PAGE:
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Alaskan Malamute

Alaskan-Malamute

A Dignified Arctic Sled Dog

Independent, sociable, loyal

Alaskan Malamutes are strong-willed, fun-loving, and powerful, large dogs. This arctic breed is good with children and often aloof toward unfamiliar dogs. They are capable of getting along with other pets if properly socialized at an early age. Mals are great for experienced dog handlers, active individuals, and cold climate dwellers. Without plenty of exercise, this breed may become frustrated and destructive.

Understanding their unique needs will help keep them healthy and create a strong bond between the two of you. Explore this page to learn more about the breed’s history, health concerns, characteristics, and care needs. 

Breed Details

Height:23-25 in. Weight:75-85 lb Lifespan:10-12 years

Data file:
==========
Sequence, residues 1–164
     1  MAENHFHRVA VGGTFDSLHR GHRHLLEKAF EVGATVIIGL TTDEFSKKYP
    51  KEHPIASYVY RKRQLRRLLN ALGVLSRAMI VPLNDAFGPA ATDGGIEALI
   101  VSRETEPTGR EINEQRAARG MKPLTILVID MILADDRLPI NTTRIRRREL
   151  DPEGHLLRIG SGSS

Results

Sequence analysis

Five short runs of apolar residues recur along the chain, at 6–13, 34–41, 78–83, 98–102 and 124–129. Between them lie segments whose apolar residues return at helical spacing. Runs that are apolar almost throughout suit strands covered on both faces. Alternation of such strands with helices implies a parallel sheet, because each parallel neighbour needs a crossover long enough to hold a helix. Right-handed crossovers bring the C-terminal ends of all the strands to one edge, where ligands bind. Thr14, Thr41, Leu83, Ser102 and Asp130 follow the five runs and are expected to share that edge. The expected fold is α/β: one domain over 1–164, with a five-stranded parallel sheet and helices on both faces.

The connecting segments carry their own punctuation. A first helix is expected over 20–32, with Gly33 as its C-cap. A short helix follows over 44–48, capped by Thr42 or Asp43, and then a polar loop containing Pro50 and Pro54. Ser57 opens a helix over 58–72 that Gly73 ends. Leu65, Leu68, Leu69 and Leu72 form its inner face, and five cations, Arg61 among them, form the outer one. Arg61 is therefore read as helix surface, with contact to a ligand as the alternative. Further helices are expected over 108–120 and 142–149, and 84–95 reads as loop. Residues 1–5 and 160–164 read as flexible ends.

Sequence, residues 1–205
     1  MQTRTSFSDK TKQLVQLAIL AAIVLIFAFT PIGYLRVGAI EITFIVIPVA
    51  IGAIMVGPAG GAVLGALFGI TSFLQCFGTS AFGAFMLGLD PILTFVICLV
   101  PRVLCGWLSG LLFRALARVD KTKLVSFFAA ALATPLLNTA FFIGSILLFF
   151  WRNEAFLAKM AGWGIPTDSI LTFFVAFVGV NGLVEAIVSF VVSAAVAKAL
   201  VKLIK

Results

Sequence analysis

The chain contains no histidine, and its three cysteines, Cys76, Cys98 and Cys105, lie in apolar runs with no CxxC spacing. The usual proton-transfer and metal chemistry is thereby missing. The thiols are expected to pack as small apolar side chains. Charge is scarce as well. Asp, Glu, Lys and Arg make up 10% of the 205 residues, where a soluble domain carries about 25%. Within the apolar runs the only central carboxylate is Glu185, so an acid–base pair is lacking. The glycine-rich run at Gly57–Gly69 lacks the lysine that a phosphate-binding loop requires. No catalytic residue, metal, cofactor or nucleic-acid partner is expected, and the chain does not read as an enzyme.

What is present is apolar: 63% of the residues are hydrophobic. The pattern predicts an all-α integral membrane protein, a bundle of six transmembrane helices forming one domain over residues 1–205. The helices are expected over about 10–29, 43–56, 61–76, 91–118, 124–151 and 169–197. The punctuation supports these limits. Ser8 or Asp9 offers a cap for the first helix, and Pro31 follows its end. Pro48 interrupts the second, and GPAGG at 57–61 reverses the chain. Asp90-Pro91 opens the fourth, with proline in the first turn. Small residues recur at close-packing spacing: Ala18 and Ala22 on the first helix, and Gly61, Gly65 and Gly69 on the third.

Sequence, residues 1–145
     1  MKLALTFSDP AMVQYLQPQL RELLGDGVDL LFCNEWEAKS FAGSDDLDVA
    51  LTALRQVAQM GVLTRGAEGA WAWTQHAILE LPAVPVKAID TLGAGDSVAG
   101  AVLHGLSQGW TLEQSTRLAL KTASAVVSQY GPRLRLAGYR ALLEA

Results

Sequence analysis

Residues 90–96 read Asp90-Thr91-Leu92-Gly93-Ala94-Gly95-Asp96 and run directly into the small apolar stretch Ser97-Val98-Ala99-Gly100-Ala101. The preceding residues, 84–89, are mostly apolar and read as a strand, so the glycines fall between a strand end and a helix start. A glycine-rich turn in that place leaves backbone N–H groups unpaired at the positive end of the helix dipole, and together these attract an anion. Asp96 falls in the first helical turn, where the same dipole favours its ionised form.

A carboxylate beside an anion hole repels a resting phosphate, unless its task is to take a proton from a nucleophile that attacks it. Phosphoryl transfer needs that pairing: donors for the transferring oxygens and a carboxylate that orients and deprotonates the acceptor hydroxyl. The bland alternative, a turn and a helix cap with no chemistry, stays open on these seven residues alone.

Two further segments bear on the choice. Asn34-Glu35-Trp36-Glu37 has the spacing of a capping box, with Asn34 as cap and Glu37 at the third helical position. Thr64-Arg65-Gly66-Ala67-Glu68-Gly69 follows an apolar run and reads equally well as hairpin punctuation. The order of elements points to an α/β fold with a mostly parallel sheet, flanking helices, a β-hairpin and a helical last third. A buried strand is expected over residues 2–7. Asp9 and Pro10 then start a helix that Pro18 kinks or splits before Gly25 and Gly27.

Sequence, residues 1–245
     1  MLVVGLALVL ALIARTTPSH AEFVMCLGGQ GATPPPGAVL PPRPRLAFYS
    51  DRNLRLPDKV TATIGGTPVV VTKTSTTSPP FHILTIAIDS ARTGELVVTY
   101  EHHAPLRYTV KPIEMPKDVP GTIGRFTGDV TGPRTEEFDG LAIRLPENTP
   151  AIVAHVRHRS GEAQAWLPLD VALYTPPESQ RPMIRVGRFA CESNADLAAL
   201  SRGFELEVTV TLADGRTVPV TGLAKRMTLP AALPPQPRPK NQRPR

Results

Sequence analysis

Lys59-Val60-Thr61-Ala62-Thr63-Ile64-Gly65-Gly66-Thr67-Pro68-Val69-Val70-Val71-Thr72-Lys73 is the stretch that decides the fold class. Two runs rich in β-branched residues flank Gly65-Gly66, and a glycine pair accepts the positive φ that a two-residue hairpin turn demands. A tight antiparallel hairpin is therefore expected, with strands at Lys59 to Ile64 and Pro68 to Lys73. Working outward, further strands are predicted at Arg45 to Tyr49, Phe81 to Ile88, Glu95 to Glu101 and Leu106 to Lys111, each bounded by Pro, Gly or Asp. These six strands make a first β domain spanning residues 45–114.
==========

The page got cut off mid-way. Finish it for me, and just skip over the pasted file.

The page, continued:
Size
4

1=small 5=large

Grooming requirements
3

1 = little grooming - 5 = much grooming

Energy level
3

1 = low energy - 5 = high energy

Ease of training
1

1 = difficult - 5 = easy

Affection toward owners
5

1 = independent - 5 = very affectionate

Friendliness toward strangers
4

1 = shy - 5 = very friendly

Routine Care: Alaskan Malamutes are large dogs with lots of energy, so keep their mind and body active, or they'll get bored. That's when the naughty stuff starts. They are expert diggers and climbers, so it is recommended that you bury your fence and that it is at least 6 feet tall. Alaskan Malamutes can be affected by snow nose, which is a loss of pigment from the nose making them prone to sunburn. They will need dog-safe sunscreen.

Grooming: Brush their coat as needed and at least weekly.

Dental: Alaskan Malamutes often have serious problems with their teeth, so you'll need to brush them at least three times a week!

Ear Care: Clean their ears weekly, even as a puppy. Don't worry - your veterinarian can show you how!

Alaskan Malamutes love daily exercise, but also enjoy just hanging out with their family. Mals are very vocal and may howl, but they don’t bark a lot.

Positive Traits:

  • An affectionate companion and family dog

  • Outgoing and friendly personality

  • Good with children

  • Playful and energetic

  • Loyal and loving companion

  • Large, strong, and athletic, with lots of stamina in cooler climates